Science Fair Project Encyclopedia
Born Aleksander Głowacki, he fought in Poland's 1863 Uprising, the orphaned younger brother of an insurgent leader, Leon Glowacki. (Leon during the Uprising developed a mental illness that would end only with his death in 1907.) On september 1, 1863, twelve days after his sixteenth birthday, Prus suffered severe battle contusions and was captured by Russian forces. Eventually released on account of his youth, in 1866 he completed high school and enrolled in science at Warsaw University.
His studies were cut short by financial straits and dissatisfaction with the educational experience. In 1869 he enrolled at the newly opened Agricultural and Forestry Institute in Puławy, where he had spent part of his childhood; he was, however, soon expelled after a classroom confrontation with a Russian professor. Henceforth he studied on his own while supporting himself as a tutor, factory worker, and from 1872 a journalist.
After he began writing regular weekly newspaper columns, his finances stabilized, permitting him to marry a cousin. The couple never had children of their own. A foster son — the model for Rascal in chapter 48 of Pharaoh — would in 1904, at age eighteen, shoot himself dead on the doorstep of an unrequited love. Prus may in 1906, at fifty-nine, have had a son who would die in a German camp after the suppression of the 1944 Warsaw Uprising.
Prus early on thought little of his journalistic and literary productions; hence he adopted a pen name, "Prus" being his family coat of arms. In 1882 he assumed the editorship of a Warsaw daily, resolving to make it "an observatory of societal facts" — an instrument for fostering the development of his country, which between 1772 and 1795 had been partitioned out of political existence by three of its neighbors. After less than a year, however, Nowiny (News) had gone under, and Prus resumed writing columns. As a sideline, he turned his hand to penning short stories.
He would eventually compose four major novels on great questions of the day: The Outpost (1886) on the Polish peasant; The Doll (1889) on the aristocracy and townspeople, and on idealists struggling to bring about social reforms; The New Woman (1893) on feminist concerns; and his only historical novel, Pharaoh (1895), on mechanisms of political power.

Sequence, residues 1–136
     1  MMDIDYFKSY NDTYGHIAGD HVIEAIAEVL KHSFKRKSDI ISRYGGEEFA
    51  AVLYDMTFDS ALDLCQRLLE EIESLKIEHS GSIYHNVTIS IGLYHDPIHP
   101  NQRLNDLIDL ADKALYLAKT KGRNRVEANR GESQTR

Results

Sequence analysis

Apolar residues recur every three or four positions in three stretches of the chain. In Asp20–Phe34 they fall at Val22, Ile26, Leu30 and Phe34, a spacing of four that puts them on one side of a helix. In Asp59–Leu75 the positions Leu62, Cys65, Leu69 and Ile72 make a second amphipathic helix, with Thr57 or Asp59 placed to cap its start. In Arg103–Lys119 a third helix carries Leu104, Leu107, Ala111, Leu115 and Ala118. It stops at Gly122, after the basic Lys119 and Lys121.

Pharaoh is unique in nineteenth-century literature as a novel on political power. The protagonist learns that "those who displease the servants of the gods" are vulnerable to cooption, seduction, subornation, defamation, intimidation or assassination. Perhaps the chief lesson, belatedly absorbed by Ramses, is the importance, to power, of knowledge or science.
Pharaoh, depicting the demise of Egypt's New Kingdom three thousand years earlier, also reflects Poland's loss of independence a century before, in 1795: an independence whose post-World War I restoration Prus would not live to see. On may 19, 1912, at his Warsaw apartment, Prus' forty-year journalistic and literary career ended with his death. The beloved agoraphobic author was mourned by the nation that he had striven, as soldier, thinker and writer, to rescue from oblivion.
The Doll was regarded by Nobel laureate Czesław Miłosz as the best Polish novel. The New Woman was deemed by Joseph Conrad to be "better than Dickens" (a favorite author of Conrad's). Pharaoh, a brilliant evocation of "the oldest civilization in the world," became Joseph Stalin's favorite novel and prefigured the fate of President John F. Kennedy. The Doll and Pharaoh, two of the preeminent achievements in Polish literature, are available in good English translations.
- The Outpost (Placówka), 1886
- The Doll (Lalka), 1889
- The New Woman (Emancypantki), 1893
- Pharaoh (Faraon), 1895
- "Mold of the Earth" (a micro-story by Bolesław Prus)
- "Cienie" ("Shades": a micro-story by Bolesław Prus)
- Polish literature
- Young Poland
- List of novelists
- Zygmunt Szweykowski, Twórczość Bolesława Prusa (The Art of Bolesław Prus), 2nd edition, Warsaw, Państwowy Instytut Wydawniczy, 1972.
- Krystyna Tokarzówna and Stanisław Fita, Bolesław Prus, 1847-1912: Kalendarz życia i twórczości (Bolesław Prus, 1847-1912: Calendar of Life and Works), edited by Zygmunt Szweykowski, Warsaw, Państwowy Instytut Wydawniczy, 1969.
- Gabriela Pauszer-Klonowska, Ostatnia miłość w życiu Bolesława Prusa (The Last Love in the Life of Bolesław Prus), Warsaw, Państwowy Instytut Wydawniczy, 1962.
- Stanisław Fita, ed., Wspomnienia o Bolesławie Prusie (Reminiscences about Bolesław Prus), Warsaw, Państwowy Instytut Wydawniczy, 1962.
- Stefan Melkowski, Poglądy estetyczne i działalność krytycznoliteracka Bolesława Prusa (Bolesław Prus' Esthetic Views and Literary-Critical Activity), Warsaw, Państwowy Instytut Wydawniczy, 1963.
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